OneDrive is rolling out new photo management features across the cloud-based file sync and sharing service’s mobile apps and Web experience. Among them are new automatic albums that organize photos without user intervention.
“OneDrive detects whenever you take a few photos in a short period of time, in a particular location. The highest quality photos are then selected and put into an album,” Douglas Pearce, a group program manager at Microsoft OneDrive, stated in a July 22 announcement. “You are even notified when they’re ready to view and share on OneDrive.com, in our mobile apps or via the Windows 10 Photos app.”
Taking things a step further, each Monday morning, OneDrive will commemorate weekends by creating albums based on photos taken on Saturday and Sundays. Along those lines, Microsoft is also rolling out a feature that will allow users to virtually turn back time.
The new On This Day view in the All Photos page uses a timeline-based interface to help users explore memorable events from their past. The All Photos page also gains an improved search function that supports emojis and can find images based on their tags and the locations they were taken.
Other updates include a dedicated view for photos folders that features larger thumbnails, a big header image and revised menu for a more intuitive photo-management experience. On Windows 10, the built-in Photos app features OneDrive integration. When users sign in to their Windows 10 systems using their Microsoft accounts, OneDrive will populate the Photos app with all of the photos and albums stored on the service.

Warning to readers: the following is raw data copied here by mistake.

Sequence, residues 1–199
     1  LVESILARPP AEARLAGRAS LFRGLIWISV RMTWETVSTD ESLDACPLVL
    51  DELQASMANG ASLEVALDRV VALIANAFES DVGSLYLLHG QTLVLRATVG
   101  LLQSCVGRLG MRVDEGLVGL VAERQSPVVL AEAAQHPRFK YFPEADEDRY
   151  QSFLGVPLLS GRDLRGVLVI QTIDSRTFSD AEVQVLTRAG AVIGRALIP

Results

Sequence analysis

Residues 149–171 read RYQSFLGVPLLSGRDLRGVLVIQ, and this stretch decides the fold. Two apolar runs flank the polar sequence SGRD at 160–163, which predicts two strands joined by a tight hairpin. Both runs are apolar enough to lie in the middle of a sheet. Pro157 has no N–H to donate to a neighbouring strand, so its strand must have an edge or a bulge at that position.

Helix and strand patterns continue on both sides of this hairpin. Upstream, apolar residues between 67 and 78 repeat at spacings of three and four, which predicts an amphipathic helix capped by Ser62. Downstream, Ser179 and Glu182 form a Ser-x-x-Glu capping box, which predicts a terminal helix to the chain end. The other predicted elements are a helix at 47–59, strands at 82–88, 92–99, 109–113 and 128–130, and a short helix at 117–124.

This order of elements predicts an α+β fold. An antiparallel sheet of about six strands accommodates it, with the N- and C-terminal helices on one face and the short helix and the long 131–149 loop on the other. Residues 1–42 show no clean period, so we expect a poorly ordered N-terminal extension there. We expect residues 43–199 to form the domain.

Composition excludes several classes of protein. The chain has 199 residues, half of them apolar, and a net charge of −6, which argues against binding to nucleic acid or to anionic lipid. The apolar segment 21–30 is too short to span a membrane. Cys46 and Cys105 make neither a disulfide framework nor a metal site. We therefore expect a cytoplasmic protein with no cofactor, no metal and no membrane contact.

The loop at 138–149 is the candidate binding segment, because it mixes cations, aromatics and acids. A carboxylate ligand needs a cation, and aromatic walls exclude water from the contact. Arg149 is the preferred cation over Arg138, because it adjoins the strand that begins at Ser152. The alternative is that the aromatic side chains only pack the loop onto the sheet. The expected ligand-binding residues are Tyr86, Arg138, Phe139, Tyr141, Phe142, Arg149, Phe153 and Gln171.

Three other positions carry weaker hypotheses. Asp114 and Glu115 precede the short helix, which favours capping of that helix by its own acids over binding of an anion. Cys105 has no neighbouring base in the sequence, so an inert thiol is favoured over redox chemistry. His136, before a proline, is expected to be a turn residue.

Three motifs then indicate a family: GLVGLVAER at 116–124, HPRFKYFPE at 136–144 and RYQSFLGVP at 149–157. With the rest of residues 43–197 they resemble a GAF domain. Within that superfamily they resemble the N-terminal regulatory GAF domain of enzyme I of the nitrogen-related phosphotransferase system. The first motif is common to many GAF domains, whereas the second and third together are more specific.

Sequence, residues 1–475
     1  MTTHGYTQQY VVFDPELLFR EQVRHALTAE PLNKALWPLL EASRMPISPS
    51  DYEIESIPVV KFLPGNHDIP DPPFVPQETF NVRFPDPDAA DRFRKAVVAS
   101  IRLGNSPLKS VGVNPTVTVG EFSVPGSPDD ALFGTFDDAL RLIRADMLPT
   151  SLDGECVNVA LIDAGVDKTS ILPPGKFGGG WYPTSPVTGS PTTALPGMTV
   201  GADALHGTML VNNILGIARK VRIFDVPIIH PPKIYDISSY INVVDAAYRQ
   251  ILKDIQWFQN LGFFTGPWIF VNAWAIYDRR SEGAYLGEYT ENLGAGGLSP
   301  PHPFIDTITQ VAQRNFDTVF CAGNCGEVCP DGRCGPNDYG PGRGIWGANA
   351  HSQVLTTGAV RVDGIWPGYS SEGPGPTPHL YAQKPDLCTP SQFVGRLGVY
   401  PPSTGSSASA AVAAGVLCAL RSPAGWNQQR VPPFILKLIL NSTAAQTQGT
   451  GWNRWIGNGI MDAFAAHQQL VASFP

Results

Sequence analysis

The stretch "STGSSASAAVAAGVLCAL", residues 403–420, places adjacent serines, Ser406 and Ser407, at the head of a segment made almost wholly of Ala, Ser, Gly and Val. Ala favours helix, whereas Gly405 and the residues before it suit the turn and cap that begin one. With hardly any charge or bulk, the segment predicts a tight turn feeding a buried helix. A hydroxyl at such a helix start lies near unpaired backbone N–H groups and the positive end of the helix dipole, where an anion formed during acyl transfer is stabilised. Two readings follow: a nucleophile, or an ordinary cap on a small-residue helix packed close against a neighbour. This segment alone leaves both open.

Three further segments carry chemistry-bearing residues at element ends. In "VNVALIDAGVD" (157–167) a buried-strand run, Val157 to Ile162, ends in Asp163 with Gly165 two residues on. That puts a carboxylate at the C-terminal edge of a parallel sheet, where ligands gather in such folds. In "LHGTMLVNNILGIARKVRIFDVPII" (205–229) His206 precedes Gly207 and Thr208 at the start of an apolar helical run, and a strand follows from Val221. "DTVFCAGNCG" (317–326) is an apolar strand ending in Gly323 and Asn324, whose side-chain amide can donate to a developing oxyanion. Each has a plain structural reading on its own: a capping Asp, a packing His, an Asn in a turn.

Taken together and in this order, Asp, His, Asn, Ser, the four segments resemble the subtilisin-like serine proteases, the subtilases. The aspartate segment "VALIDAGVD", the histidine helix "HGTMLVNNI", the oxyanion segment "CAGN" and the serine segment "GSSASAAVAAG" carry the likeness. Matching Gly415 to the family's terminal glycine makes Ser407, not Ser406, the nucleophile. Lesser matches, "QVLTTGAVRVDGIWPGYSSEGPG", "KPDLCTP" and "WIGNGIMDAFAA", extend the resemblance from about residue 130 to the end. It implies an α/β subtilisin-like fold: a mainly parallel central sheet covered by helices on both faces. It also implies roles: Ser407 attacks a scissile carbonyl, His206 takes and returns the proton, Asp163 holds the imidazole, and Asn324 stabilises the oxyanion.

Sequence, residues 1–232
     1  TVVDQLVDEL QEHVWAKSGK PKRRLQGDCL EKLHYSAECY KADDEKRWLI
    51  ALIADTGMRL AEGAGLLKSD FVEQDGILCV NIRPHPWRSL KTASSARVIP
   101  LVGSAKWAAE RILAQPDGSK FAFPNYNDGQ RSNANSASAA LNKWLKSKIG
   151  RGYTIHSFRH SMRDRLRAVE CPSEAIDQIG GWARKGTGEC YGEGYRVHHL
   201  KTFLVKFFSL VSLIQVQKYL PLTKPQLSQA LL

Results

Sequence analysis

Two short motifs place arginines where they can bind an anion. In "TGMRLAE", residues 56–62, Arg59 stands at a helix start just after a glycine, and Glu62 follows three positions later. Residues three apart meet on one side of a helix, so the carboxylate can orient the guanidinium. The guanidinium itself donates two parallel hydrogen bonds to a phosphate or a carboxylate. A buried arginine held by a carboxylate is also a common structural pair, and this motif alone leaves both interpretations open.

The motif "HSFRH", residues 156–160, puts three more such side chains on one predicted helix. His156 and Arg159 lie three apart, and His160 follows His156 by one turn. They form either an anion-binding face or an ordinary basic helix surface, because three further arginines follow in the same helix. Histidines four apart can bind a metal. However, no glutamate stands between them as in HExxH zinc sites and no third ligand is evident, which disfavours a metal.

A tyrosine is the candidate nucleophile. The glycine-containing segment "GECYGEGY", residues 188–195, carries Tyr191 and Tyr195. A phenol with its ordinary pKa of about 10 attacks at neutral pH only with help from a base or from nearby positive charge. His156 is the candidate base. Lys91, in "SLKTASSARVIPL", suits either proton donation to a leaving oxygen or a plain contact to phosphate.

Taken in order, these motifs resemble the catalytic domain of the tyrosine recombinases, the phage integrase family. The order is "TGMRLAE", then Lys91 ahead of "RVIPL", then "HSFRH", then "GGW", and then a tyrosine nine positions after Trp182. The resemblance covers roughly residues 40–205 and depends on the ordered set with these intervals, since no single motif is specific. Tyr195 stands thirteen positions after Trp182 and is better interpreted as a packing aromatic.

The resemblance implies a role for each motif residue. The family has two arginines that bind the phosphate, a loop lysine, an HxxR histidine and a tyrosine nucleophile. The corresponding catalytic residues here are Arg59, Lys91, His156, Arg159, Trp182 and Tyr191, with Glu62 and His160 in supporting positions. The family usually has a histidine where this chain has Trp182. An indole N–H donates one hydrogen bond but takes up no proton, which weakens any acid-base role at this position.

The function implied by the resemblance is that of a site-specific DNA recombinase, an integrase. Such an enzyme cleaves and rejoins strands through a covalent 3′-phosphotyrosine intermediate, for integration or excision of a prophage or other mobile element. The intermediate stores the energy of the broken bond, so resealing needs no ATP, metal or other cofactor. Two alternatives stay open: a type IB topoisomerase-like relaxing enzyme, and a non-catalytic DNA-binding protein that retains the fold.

Finally, OneDrive has also been struck by Pokémon Go fever.
“A lot of players take screenshots of their captured Pokémon to show off to their friends—both digitally and in person. We had to make it easier for you to find all your Pokémon screenshots, so we went to work and partnered with Microsoft Research to bring a Pokémon detector to OneDrive,” Pearce stated.
If the camera upload feature is turned on, Pokémon Go screenshots are automatically saved to OneDrive. The service’s image-recognition tech then identifies and categorizes each of 150 available Pokémon, allowing users to search or view them by name.
OneDrive isn’t the only Microsoft offering to succumb to the Pokémon Go craze. Recently, an interactive report containing details on all of the monsters available in the augmented-reality game was published on Power BI, the company’s cloud based business intelligence and data visualization platform.
Since its launch earlier this month, Pokémon Go quickly rocketed to the top of the charts. The game, which encourages users to go out into the real world to capture virtual critters and do battle with them, has not only captured the attention of millions of players worldwide, but also security watchers. In addition to privacy concerns, computer security researchers are warning businesses about the dangers posed by Android devices containing malware that preys on unsuspecting users eager to get their hands on the app.